C. Kentucky Bar Association v. Ruth Ann Sebastian

2011-SC-000311-KB September 22, 2011

 

All sitting; all concur. The Court adopted the recommendation of the trial commissioner that Sebastian be suspended from the practice of law for 270 days. The matter stems from three separate case files, which were consolidated. Sebastian violated SCR 3.130-1.3, -16(d), -1.9(a), -8.1(b), and -3.4(c).

 

 

D. Kentucky Bar Association v. Terence K. Mulliken

2011-SC-000229-KB September 22, 2011

 

All sitting; all concur. Respondent was convicted of promoting contraband in the first degree and conspiracy to trafficking in a controlled substance in the second degree in 2004 due to the convictions he was temporarily suspended from the practice of law. The Trial Commissioner concluded that Mulliken had violated the former SCR 3.130-8.3(b) by his conviction in the Pike Circuit Court. The Trial Commissioner concluded that he should remain suspended until he is fully released from probation and parole, and for five years thereafter. Further, it was recommended that Mulliken be evaluated by an appropriate substance abuse professional and also be required to enter into a five-year agreement with the Kentucky Lawyer Assistance Program (KYLAP). Finally, in light of Mulliken’s ongoing seven-year suspension and his employment record, the Trial Commissioner recommended the five-year suspension be probated upon his release from probation and parole and on the condition that he follow the requirements set forth in a KYLAP contract.

 

E. Kentucky Bar Association v. David R. Schott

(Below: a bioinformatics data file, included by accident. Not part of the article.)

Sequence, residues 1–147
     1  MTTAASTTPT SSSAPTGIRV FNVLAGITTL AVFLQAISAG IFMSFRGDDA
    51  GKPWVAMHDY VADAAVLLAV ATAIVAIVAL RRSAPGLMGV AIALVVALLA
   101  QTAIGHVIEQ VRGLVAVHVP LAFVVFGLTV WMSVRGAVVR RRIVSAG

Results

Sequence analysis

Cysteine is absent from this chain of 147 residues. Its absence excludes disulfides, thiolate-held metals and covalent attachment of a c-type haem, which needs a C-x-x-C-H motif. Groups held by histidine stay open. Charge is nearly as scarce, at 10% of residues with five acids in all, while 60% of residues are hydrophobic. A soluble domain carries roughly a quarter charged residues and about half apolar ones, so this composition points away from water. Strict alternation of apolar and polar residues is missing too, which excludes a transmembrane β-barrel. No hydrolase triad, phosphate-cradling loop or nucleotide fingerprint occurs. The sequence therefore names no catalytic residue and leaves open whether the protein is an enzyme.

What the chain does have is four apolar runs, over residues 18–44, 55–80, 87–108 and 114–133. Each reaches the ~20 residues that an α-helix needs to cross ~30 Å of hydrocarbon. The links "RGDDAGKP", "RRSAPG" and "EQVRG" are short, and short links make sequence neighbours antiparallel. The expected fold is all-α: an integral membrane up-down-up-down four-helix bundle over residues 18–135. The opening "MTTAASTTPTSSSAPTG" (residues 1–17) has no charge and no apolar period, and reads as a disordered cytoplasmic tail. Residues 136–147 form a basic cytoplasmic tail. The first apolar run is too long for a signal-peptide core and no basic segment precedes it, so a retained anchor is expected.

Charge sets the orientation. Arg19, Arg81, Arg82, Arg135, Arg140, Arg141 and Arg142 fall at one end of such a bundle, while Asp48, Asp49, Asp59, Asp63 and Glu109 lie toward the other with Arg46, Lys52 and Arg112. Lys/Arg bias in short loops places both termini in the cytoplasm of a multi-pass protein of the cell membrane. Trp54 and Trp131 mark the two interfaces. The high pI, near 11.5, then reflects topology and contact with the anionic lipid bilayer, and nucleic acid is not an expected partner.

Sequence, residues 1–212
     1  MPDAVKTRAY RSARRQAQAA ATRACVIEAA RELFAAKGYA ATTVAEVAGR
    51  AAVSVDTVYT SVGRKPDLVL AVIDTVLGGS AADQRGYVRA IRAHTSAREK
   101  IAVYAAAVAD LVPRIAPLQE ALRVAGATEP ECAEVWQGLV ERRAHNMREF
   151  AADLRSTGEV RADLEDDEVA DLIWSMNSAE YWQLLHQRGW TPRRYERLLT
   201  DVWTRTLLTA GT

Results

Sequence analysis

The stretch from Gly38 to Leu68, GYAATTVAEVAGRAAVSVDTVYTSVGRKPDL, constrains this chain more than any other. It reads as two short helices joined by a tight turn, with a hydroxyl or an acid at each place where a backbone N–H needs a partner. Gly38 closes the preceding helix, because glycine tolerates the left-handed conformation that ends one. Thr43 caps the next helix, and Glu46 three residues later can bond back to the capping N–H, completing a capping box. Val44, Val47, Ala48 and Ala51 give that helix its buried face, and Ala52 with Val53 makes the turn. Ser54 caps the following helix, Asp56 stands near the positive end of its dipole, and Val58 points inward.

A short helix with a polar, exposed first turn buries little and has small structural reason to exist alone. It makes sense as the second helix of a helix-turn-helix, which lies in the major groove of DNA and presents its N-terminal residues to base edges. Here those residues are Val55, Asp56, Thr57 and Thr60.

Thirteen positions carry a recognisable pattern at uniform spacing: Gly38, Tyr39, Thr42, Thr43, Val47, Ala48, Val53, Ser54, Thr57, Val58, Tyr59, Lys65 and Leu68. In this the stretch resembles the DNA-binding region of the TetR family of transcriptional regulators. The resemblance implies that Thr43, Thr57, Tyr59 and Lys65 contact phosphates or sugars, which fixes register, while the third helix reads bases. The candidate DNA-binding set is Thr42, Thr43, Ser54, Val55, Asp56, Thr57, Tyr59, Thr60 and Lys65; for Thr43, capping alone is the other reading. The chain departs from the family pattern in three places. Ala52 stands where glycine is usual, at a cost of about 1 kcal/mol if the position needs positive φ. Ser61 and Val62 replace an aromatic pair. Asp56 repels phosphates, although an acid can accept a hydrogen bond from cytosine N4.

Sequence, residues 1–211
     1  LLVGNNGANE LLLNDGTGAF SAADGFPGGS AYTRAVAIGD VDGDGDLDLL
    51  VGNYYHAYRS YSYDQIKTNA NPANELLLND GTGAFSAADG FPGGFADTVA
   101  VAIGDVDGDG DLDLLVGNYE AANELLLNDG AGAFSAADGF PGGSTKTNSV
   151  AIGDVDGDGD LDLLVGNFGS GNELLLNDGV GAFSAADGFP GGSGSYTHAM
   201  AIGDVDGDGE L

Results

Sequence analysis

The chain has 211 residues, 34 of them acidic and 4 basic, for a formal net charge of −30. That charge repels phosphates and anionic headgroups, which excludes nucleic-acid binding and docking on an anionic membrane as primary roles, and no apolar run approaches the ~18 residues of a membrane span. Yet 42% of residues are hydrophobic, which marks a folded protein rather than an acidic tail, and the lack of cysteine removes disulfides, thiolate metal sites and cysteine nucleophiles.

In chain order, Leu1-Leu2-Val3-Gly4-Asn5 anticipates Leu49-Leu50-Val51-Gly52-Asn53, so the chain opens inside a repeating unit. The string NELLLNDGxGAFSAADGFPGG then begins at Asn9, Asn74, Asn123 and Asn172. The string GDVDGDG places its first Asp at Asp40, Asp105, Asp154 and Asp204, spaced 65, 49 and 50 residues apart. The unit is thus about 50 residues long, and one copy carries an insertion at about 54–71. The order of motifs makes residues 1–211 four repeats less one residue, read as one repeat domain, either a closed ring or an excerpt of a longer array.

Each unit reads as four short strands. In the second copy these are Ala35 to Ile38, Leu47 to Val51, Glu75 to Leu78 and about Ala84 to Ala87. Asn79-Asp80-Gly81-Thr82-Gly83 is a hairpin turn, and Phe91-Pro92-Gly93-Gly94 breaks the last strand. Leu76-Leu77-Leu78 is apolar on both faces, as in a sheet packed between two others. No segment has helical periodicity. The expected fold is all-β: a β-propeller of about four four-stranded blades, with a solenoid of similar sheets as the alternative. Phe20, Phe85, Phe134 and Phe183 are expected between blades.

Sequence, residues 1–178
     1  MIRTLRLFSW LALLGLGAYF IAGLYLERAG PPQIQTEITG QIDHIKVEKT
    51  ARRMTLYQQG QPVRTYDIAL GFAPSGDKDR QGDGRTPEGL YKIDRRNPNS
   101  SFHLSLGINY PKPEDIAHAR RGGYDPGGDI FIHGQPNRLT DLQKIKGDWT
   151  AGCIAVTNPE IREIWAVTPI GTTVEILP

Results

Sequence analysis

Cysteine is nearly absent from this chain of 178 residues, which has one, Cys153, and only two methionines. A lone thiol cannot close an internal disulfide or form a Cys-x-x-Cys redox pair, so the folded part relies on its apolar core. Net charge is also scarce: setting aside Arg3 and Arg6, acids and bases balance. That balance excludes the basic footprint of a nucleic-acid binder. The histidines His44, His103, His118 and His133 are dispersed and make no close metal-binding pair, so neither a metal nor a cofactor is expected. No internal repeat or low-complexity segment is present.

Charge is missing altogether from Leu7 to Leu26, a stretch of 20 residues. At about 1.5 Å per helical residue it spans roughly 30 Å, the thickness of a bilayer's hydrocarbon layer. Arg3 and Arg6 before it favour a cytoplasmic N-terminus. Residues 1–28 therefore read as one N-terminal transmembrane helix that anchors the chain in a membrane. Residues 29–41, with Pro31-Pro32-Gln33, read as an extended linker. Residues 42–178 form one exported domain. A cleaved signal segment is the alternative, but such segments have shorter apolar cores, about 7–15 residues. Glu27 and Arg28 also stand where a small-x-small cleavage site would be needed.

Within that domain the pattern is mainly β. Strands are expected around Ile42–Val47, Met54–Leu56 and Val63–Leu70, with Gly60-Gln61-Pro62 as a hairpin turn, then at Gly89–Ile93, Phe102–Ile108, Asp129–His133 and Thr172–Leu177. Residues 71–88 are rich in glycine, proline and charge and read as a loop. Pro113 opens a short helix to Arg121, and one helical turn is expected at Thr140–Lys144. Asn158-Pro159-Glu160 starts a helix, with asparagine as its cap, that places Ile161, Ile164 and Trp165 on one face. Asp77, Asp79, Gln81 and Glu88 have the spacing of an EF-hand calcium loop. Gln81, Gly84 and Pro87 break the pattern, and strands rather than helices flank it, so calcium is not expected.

2011-SC-000261-KB September 22, 2011

 

All sitting; all concur. The Court ordered Respondent permanently disbarred for multiple ethical violations stemming from real estate transactions with a client. Additionally Respondent has a history of disciplinary action and failed to respond to all attempts to communicate regarding his multiple violations.

 

F. Kentucky Bar Association v. Michael Ray McDonner

2011-SC-000350-KB September 22, 2011

 

All sitting; all concur. Respondent was suspended from the practice of law for failure to comply with CLE requirements. Respondent continued to engage clients and failed in two cases to adequately represent said clients. Court adopts the recommendation of the Board to suspend Respondent for 60 days and require him to complete the EPEP offered by the KBA.

 

G. Kentucky Bar Association v. Donald L. Richardson

2011-SC-000353-KB September 22, 2011

 

All sitting; all concur. Respondent failed to file a mortgage for three years and when he filed it with the County Clerk it contained a forged notary clause. Court adopted the recommendation of the trial commissioner to suspend Respondent for 5 years